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Selling the late-adopters on IT transformation

TracySiclair

Guest blog by Mark Samuels

Fast-moving disrupters are using innovation to move into new marketplaces, and an ITDM who is keen to help his or her business stay one step ahead of the competition must adopt automation and orchestration.

That transition will represent a paradigm shift for many technology workers. ITDMs typically enter the technology field because they enjoy getting their hands dirty with the latest and greatest. Their hands-on involvement might encompass development, programming, testing, implementing, or supporting. However, anything that helps automate those tasks may seem like a threat to the traditional role of the IT professional.

On a personal level, ITDMs might be unclear of the benefits of the increased use of automation and orchestration. Yet a significant reality is staring technology workers in the face: The role of the IT professional is changing, whether they like it or not. Instead of simply supporting technology systems, IT workers must help their businesses benefit from digital transformation.

The biggest reason to? Automation frees up IT professionals to focus on more creative, strategic projects that will benefit the enterprise at large, proving IT's value to the business.

Selling the late-adopters on IT transformation.jpg

Proactive IT management

While a shift towards automating tasks you've always done manually might seem unsettling, the automation of IT tasks can actually help the IT department boost system performance. Proof comes in the form of information security. Security policy orchestration sits at the core of a shift from static defense to agile and adaptive response, with ABI Research forecasting annual spending will hit $1 billion by 2020. Such investment means enterprises no longer react manually to cyber events after they happen. Instead, they will use systems to proactively plan and automatically respond. Orchestration provides a huge boost for security professionals looking to manage ever-evolving cyber threats.

Yet automation is more than just a tool for the security team. Proactivity should be the watchword across all areas of technology. Some forms of digital transformation has led to a decentralization of IT purchasing, where users across the organization source their own technical solutions to business challenges, often with or without the say-so of the CIO.

Decentralization represents a significant cultural shift for IT professionals who are used to the hands-on model. Technology leaders should help their colleagues make the most of the digital technology the rest of the business sources independently.

Orchestration and automation will help ease the transition from reactive to proactive IT management. Research from the Enterprise Strategy Group (ESG) suggests many organizations already believe they can use incident response tools in areas far beyond security investigation. ESG research also suggests more than two-thirds (69 percent) of IT professionals believe many of the tasks they manage would be more effective with automation. Key areas for deployment include vulnerability scanning (61 percent), network access control (58 percent), and system provisioning (51 percent).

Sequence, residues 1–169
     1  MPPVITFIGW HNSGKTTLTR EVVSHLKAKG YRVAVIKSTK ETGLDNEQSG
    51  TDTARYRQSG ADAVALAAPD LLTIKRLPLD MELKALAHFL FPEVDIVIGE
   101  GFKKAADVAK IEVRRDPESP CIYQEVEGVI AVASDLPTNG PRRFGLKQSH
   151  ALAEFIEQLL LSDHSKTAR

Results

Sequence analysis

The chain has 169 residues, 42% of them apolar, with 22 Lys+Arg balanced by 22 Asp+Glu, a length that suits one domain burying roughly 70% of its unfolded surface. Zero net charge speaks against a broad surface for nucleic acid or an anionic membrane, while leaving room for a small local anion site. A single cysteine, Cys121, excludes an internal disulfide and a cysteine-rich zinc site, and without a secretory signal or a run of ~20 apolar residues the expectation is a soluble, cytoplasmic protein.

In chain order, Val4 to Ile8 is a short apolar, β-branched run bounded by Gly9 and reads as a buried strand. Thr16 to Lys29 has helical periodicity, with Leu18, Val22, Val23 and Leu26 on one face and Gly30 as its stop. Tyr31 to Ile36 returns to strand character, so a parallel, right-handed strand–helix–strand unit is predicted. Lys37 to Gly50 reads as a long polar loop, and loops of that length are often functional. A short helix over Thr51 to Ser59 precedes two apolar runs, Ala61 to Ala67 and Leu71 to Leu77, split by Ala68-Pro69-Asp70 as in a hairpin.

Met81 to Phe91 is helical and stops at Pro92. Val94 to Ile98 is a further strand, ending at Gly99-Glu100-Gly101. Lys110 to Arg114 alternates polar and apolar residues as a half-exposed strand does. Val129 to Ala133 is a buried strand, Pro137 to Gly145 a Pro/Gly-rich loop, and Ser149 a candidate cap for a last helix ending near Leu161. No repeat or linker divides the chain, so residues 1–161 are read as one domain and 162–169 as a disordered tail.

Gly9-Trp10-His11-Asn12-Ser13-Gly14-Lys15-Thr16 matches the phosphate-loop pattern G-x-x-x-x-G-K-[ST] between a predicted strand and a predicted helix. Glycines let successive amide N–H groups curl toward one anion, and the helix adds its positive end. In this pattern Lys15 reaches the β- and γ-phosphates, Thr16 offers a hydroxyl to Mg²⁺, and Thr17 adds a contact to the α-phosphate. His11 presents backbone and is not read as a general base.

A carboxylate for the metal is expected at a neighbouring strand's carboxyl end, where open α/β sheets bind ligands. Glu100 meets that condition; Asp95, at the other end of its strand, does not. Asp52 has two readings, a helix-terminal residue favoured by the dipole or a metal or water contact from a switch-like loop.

ITDM hesitance

In short, ITDMs are already aware of the potential power of automation. They have seen that the ongoing digital transformation is introducing IT features such as virtualization, convergence, and cloud computing that align well with the orchestration. CIOs are using these technologies to help bring together a range of disparate IT resources and to provision solutions quickly and effectively.

Automation and orchestration provide a further step in the right direction, helping the business ensure systems are used efficiently and effectively. Rather than getting bogged down in complex technical details, automation and orchestration help IT teams fulfill the crucial role of a broker of services. Of course, some IT professionals will remain reticent of the transition to automation. While the ESG research shows two-thirds of technology workers understand the power of orchestration, that still means one-third of employees are unconvinced automation can help boost IT management.

A culture shift must take place in the modern enterprise data center, where the risk of not adapting to automation means falling behind—and an almost certain lack of innovation. The modern business requires an outwardly focused technology team. The role of this IT department will be to help spin up great technology services that support new business models the rest of the organization identifies.

The reality is that the ongoing digital transformation has already sounded a death knell for the inward-facing IT department. By embracing automation and orchestration, technology professionals can assume a new, proactive role at the core of the modern business.

Learn more about what's next in the digital transformation journey.​

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About the Author

TracySiclair

Tracy Siclair has worked for HPE for 20 years in various positions, all geared towards providing a better customer experience. She has a passion for thinking out-of-the-box and finding innovative ways to get the job done. While not on a computer for work, she enjoys watching her kids play sports, photography, videography, and the occasional game of billiards. Tracy resides in beautiful Fort Collins, Colorado.

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